Project

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Platform for integrated mouse behavior (PIMB)

Applicant Lüscher Christian
Number 139229
Funding scheme R'EQUIP
Research institution Dépt des Neurosciences Fondamentales Faculté de Médecine Université de Genève
Institution of higher education University of Geneva - GE
Main discipline Neurophysiology and Brain Research
Start/End 01.12.2011 - 31.05.2013
Approved amount 408'275.00
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Lay Summary (English)

Lead
Lay summary
This is a platform that aims as establishing several test for mouse behavior. A special emphasis will be given to the dynamic control of the mouse behavior using optiogenetic (i.e. selective activation of brain cells with blue light). approaches.
Direct link to Lay Summary Last update: 21.02.2013

Responsible applicant and co-applicants

Publications

Publication
A comparison of striatal-dependant behaviors in wild-type and hemizygous Drd1a and Drd2 BAC transgenic mice
Nelson AB Hang GB Grueter BA Pascoli V Lüscher C Malenka RC Kreitzer AC. (2012), A comparison of striatal-dependant behaviors in wild-type and hemizygous Drd1a and Drd2 BAC transgenic mice, in J Neurosci, 9119-23.
Dense representation of natural odorants in the mouse olfactory bulb
Vincis R. Gschwend O. Bhaukaurally K. Beroud J. and Carleton A. (2012), Dense representation of natural odorants in the mouse olfactory bulb, in Nature Neuroscience , 537-39.
Encoding odorant identity by spiking packets of rate-invariant neurons in awake mice
Gschwend O. Beroud J. and Carleton A. (2012), Encoding odorant identity by spiking packets of rate-invariant neurons in awake mice, in Plos One, 1-12.
GABA neurons of the VTA drive conditioned place aversion
Tan KR Yvon C Turiault M Mirzabekov JJ Doehner J Labouèbe G Deisseroth K Tye KM & Lüscher C. (2012), GABA neurons of the VTA drive conditioned place aversion, in Neuron, 1173-83.
Similar odor discrimination behavior in head-restrained and freely moving mice.
Abraham N. Guerin D. Bhaukaurally K. and Carleton A. (2012), Similar odor discrimination behavior in head-restrained and freely moving mice., in Plos One, 1-10.
Ventral tegmental area GABA projections pause accumbal cholinergic interneurons to enhance associative learning
Brown MTC Tan KR O’Connor EC Nikonenko I Muller D & Lüscher C. (2012), Ventral tegmental area GABA projections pause accumbal cholinergic interneurons to enhance associative learning, in Nature, 452-6.
Odor representations in the olfactory bulb evolve after the first breath and persist as an odor afterimage.
Patterson M.A. Lagier S. and Carleton A., Odor representations in the olfactory bulb evolve after the first breath and persist as an odor afterimage., in Proc. Nat. Acad. Sci.

Scientific events



Self-organised

Title Date Place
Synaptic Basis of Disease 10.07.2012 Geneva, Switzerland

Associated projects

Number Title Start Funding scheme
135631 Long-term potentiation and the modification of synaptic structures in vivo 01.04.2011 Project funding (Div. I-III)
154453 Function and structure of neuromodulatory inputs to the cerebral cortex 01.01.2015 Sinergia
132729 Spiraling towards relapse: a network approach to addiction 01.10.2010 Project funding (Div. I-III)
119169 Maturation of adult-born interneurons and consequences on sensory perception 01.04.2008 SNSF Professorships
127289 Structure, Function and Plasticity of the Barrel Cortex 01.01.2010 Sinergia
125115 NOX enzymes and redox regulation in the central nervous system: studies using genetically modified rodents and pluripotent stem cells 01.04.2009 Project funding (Div. I-III)
120685 Experience-dependent structural plasticity of synapses in vivo 01.04.2008 Project funding (Div. I-III)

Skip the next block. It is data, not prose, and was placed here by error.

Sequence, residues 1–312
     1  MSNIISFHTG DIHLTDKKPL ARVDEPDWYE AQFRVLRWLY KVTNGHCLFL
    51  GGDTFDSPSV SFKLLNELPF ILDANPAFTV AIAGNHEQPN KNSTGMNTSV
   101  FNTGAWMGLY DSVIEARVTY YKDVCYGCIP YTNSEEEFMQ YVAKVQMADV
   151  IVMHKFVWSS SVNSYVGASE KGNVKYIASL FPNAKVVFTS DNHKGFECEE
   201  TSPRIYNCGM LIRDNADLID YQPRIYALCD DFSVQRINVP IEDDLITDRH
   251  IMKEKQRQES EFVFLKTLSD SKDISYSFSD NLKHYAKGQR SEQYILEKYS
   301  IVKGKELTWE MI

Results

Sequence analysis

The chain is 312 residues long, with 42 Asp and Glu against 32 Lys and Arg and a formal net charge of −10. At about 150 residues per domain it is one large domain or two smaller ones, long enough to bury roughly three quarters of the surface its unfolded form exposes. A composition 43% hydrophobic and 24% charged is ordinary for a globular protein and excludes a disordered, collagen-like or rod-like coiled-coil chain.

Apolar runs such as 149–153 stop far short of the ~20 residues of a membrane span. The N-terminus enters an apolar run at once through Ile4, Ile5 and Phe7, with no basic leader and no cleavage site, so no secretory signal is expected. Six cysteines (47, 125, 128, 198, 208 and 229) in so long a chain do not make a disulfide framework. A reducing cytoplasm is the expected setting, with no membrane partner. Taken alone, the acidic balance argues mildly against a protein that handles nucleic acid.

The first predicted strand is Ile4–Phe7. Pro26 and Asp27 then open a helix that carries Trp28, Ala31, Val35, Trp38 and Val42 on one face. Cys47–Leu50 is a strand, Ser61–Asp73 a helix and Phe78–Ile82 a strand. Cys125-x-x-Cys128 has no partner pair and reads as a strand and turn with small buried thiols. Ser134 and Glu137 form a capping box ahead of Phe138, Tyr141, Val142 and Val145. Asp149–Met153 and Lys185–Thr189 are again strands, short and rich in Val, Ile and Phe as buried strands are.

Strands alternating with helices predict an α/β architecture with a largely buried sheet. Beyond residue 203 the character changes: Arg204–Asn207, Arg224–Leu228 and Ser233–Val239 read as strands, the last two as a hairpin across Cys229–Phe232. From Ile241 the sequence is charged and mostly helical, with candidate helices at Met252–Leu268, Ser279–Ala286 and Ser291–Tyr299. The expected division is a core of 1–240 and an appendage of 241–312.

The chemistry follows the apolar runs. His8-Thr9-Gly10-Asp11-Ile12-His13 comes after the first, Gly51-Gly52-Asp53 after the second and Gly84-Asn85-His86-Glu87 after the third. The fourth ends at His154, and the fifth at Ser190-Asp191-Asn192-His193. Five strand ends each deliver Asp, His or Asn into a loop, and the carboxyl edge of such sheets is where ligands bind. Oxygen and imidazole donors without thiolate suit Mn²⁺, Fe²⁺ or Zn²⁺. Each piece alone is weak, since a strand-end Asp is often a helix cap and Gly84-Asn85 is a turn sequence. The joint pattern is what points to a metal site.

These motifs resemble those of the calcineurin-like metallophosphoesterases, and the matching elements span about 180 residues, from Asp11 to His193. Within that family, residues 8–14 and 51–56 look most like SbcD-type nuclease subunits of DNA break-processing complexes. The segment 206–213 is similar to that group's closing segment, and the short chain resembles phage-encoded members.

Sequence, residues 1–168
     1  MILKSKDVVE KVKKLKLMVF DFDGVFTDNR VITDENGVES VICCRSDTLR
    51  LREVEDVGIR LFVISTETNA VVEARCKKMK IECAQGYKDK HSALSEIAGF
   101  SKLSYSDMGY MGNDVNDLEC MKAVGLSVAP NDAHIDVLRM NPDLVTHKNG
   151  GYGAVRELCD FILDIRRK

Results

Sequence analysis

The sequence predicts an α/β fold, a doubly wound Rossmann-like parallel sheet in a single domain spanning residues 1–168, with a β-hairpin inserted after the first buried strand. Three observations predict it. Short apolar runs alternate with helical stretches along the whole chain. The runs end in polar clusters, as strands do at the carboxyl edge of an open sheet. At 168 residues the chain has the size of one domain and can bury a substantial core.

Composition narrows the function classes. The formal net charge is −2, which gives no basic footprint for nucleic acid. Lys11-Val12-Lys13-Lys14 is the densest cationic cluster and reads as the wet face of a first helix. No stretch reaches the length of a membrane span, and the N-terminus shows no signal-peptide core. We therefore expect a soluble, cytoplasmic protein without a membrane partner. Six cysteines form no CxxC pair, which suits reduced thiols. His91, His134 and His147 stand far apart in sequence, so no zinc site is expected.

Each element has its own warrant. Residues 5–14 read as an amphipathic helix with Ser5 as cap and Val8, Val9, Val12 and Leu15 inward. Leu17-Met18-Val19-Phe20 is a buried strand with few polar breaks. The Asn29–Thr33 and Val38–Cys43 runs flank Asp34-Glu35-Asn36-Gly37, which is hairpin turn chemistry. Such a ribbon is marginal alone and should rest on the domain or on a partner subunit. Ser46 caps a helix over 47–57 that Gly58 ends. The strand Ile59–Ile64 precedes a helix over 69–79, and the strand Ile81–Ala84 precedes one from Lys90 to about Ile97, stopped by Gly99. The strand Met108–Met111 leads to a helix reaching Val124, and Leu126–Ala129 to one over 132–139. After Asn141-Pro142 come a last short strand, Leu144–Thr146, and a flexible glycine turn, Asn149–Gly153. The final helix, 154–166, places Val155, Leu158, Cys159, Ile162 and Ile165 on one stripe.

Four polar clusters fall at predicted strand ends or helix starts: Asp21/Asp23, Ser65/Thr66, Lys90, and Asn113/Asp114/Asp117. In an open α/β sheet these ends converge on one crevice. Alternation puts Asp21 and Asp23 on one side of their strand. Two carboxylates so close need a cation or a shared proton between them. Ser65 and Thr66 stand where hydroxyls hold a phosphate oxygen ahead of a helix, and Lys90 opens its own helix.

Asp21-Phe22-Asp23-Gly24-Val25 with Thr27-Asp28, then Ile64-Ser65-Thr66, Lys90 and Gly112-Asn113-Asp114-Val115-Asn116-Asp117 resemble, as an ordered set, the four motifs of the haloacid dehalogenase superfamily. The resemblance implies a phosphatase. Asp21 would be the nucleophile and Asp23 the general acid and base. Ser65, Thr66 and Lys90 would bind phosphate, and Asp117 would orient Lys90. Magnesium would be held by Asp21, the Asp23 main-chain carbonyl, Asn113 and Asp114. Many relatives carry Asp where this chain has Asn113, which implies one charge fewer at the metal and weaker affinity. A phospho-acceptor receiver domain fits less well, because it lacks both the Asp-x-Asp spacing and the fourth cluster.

Abstract

1. SummaryBackground - In order to produce an accurate model of how the brain controls behavior we need to study the brain’s activity in relation to behavior from two perspectives. First, we need to monitor the activity of ensembles of neurons with single cell and high temporal resolution during the behavior. Second, we need to manipulate particular neuronal populations and assess the effects on the behavior. Despite a rapid progress in functional imaging in humans, truly mechanistic investigations of neuronal network function in relation to behavior can currently only be performed efficiently in animal models. We therefore propose to establish a platform for integrated mouse behavior (PIMB). The strength of this platform resides in its integrated design: combining the observation of mouse behavior with electrophysiological and optical recordings as well as optogenetic control of neuronal activity. The PIMB will benefit from broad expertise that is present in its supporting laboratories, ranging from genetic manipulation, electrophysiology, and imaging in vivo, to retrospective characterization of neurons in brain slices by electrophysiology, histology and electron microscopy. With help of the faculty of medicine, part of the platform is currently being installed in the CMU in Geneva. It is in close proximity to the applicants’ labs, warranting optimal accessibility and minimal transport-related stress to mice.Research proposal - The present proposal is a revised version of a project that was submitted last year. It is supported by four core applicants, each with a specific project. Notwithstanding, the PIMB will be open to any group in the medical faculty who has an interest in investigating mouse behavior. Each of the four members is currently carrying out experiments using mouse behavior, several of which have been published (see offprints attached). Since the original submission we have been able to secure support from the faculty of medicine, such that all of the core infrastructure has been taken care of (i.e. half of the total budget: special requirements for mouse-housing, ventilated cages, basic setups with video tracking systems, Skinner boxes, etc). We are still lacking essential elements to make this platform truly integrative, such as multisite electrophysiological recording devices and devices for precise optical control of neuronal activity (i.e. optrodes, electrodes with integrated fiber optics). The platform will comprise one operating room for stereotaxic injections/lesions and three behavior rooms. Each room is subdivided into a separate mouse-housing compartment for acclimatization and an experimental part (Figure 1). The platform will be managed by a part-time technician. Its operating budget will rely on institutional funds, fixed contributions from the core users, and hourly fees charged to other users. The core users will use the PIMB to investigate the role of: 1) activity and plasticity of the midbrain dopamine system in addictive behavior (Lüscher, principal applicant); 2) network processing in the olfactory system in odor discrimination (Carleton); 3) cortical structural plasticity in sensory learning (Holtmaat); and 4) NOX signaling in learning (Krause). Basic setups, such as mazes, rotarods, hot plates, open fields, “intellicages”, light/dark cages, and fear conditioning boxes will also allow analysis of spatial learning (Muller), sensory and motor function (Jabaudon), regeneration and analgesia (Kiss), explorative and social behavior (Vutskits, Hüppi), anxiety behavior (Dayer), and place preference (Muhlethaler).Expected value - The PIMB will allow the parallel analysis of behavior and neuronal network function. Correlating neuronal activity with behavior and vice versa is essential to obtain a deeper understanding of how the brain instructs behavior. Such studies also present an important step towards translational research, aiming at elucidating the neuronal basis of mental diseases, such as addiction, depression and schizophrenia, as well as for strategies to combat neurodegenerative disorders, such as Alzheimer’s.Justification of equipment needed - There is a pressing demand for a behavioral testing platform in close proximity to the neuroscience laboratories in the CMU. The faculty has partly met this demand by providing rooms and some basic equipment, but the incorporation of electrophysiology equipment and the optogenetic control is essential, and still lacking. An integrated platform at this scale will to the best of our knowledge be unique in Switzerland. The PIMB will directly benefit a large number of researchers within the faculty of medicine, but will also be accessible to researchers outside of Geneva who are interested in integrative behavioral testing.